Much has been written about the difference in education outcomes between public and public-private partnership (PPP) schools. According to a review by Ark, so far there is insufficient or modest evidence linking PPPs—including contract schools, subsidies, and vouchers—with better learning outcomes (as distinct from evidence about public versus private [non-PPP] schools).
CGD Policy Blogs
"There are better ways to improve test scores," "food is expensive," "most kids would eat anyway," and other counterarguments contain some truth, but fail to overturn the basic economic logic of free, universal school feeding in poor countries.
3.5 million children around the world are refugees, many with little or no access to schooling. That means we won’t come anywhere near our targets for the fourth Sustainable Development Goal—quality education for all—unless we can address the refugee crisis. Save the Children International president Helle Thorning-Schmidt joins the CGD podcast to discuss how donor countries can help.
The release of the World Bank’s World Development Report (WDR) is a milestone in the struggle to prepare the youth of today for the challenges of the world they will face. The report focuses on both the need to “get education right” and how to reform education systems to meet the challenge of preparing today’s youth to be tomorrow’s citizens, parents, community members, workers, and leaders. As we outline below, the WDR and our RISE programme share many core themes.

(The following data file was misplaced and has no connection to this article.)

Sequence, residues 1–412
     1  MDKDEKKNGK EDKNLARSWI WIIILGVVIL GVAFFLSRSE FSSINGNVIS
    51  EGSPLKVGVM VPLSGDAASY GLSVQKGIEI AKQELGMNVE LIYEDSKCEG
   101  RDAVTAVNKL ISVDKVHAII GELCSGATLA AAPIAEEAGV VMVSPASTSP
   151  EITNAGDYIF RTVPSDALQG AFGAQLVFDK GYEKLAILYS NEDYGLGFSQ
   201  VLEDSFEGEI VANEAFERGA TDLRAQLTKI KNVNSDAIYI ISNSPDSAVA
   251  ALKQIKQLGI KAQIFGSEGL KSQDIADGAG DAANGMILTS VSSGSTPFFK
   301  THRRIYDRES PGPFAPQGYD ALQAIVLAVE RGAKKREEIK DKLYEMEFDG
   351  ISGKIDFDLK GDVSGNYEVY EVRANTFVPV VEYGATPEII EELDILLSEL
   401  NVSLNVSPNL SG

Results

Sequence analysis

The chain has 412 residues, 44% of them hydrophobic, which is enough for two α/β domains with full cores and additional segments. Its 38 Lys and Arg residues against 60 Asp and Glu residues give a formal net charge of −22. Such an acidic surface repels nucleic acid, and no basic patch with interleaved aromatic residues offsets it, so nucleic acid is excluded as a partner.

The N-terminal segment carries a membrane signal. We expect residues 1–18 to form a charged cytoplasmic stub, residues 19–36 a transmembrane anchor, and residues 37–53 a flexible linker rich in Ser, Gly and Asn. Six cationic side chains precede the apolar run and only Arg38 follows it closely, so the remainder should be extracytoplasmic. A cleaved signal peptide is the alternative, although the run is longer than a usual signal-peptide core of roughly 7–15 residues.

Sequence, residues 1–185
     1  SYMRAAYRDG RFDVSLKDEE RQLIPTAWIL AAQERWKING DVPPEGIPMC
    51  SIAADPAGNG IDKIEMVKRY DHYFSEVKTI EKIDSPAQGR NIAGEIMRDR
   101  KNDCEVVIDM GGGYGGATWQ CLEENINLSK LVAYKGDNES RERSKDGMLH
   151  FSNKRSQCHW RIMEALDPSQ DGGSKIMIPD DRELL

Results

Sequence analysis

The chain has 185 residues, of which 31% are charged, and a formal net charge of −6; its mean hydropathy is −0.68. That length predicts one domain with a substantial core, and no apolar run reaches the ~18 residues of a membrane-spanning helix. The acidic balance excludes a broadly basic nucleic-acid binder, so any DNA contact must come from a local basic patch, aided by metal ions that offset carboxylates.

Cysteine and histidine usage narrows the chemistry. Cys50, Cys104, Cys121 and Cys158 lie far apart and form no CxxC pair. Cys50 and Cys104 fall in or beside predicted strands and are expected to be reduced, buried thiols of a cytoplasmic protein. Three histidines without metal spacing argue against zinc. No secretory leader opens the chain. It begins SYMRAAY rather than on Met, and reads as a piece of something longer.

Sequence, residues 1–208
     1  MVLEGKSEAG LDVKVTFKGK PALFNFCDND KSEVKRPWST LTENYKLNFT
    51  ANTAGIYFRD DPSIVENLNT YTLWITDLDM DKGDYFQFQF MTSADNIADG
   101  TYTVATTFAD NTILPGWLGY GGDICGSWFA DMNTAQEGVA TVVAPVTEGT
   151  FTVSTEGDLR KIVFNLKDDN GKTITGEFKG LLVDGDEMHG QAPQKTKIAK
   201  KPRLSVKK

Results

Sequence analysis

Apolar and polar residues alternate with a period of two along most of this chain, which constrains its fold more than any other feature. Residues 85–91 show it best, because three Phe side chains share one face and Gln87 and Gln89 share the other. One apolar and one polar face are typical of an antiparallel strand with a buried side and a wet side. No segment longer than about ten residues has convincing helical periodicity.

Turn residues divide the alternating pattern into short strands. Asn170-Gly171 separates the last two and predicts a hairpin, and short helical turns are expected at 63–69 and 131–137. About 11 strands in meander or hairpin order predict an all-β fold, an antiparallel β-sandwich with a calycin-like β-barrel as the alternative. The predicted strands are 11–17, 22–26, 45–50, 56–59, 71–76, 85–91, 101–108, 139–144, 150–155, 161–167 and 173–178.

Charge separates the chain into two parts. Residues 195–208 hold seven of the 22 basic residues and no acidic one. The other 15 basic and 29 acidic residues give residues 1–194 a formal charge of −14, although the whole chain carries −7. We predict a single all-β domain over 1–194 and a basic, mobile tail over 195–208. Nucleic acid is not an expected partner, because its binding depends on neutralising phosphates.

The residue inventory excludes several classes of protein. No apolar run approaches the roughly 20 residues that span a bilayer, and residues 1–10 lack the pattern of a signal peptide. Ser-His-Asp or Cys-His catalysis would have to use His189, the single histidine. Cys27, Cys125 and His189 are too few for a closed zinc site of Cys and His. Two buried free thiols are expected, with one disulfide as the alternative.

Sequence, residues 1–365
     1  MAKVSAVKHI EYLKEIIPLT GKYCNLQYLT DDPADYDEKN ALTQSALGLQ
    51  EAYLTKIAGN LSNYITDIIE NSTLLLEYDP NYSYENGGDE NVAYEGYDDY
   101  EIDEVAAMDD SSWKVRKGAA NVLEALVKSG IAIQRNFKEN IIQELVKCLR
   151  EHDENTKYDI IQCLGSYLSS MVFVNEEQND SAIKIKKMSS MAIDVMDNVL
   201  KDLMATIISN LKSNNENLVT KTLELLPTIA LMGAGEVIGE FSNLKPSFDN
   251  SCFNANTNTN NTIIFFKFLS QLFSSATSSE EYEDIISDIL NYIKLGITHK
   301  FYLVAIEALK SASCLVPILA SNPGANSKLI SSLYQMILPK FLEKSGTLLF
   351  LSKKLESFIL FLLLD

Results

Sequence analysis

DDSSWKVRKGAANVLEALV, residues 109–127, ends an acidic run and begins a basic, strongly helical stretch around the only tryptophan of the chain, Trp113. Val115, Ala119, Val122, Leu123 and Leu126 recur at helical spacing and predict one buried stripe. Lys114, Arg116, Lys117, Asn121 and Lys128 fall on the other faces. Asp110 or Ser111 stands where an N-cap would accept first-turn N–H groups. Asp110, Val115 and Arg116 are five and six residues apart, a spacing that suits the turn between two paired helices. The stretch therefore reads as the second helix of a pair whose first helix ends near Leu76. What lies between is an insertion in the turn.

Last summer, the Liberian government delegated management of 93 public elementary schools to eight different private contractors. Given the intense controversy around the program, the government—with some encouragement from our colleagues at Ark Education Partnership Group, who helped manage the program—agreed to randomize the allocation of schools during the pilot, and the three of us partnered with Innovations for Poverty Action (IPA) to evaluate its impacts.
When Pratham used simple “report cards” to provide information about learning outcomes to villages in India, the intervention largely failed. There was no improvement in attendance of children or teachers, no improvement in learning outcomes; and parents, teachers, and village education committees did not become more engaged with the schools (Banerjee et al., 2010). However, when Pratham-trained youth volunteers offered basic reading classes outside of regular school, reading skills of children who attended improved substantially after one year. Why did information provision fail to improve learning outcomes?
How USAID’s Demographic and Health Surveys Overestimate Literacy around the World—and How to Fix That
Three cheers for the DHS! However, the value of the DHS literacy data is significantly undermined by a small, easily fixable flaw in the way the survey is administered.
A commission led by the UN's special envoy for education, Gordon Brown, is calling for a doubling of global aid for education, without any clear reform agenda to raise learning levels in the world's failing school systems. That might be ok: bad schools in poor countries still seem to produce big benefits.
We need an international assessment that will pinpoint educational challenges by providing consistent information on the status of all youth, not just those who have somehow stayed in formal schooling into adolescence. Think of a universal test of nine-year-olds in basic math, reading, and problem solving skills.
Cheating scandals are all too common across both developing and developed countries. Scores on high-stakes exams can determine a child’s future through access to better education opportunities and career possibilities. This performance pressure can lead to intense studying, a market for tutoring and exam preparation, and, in the worst instances, widespread cheating that can involve students, parents, teachers and officials.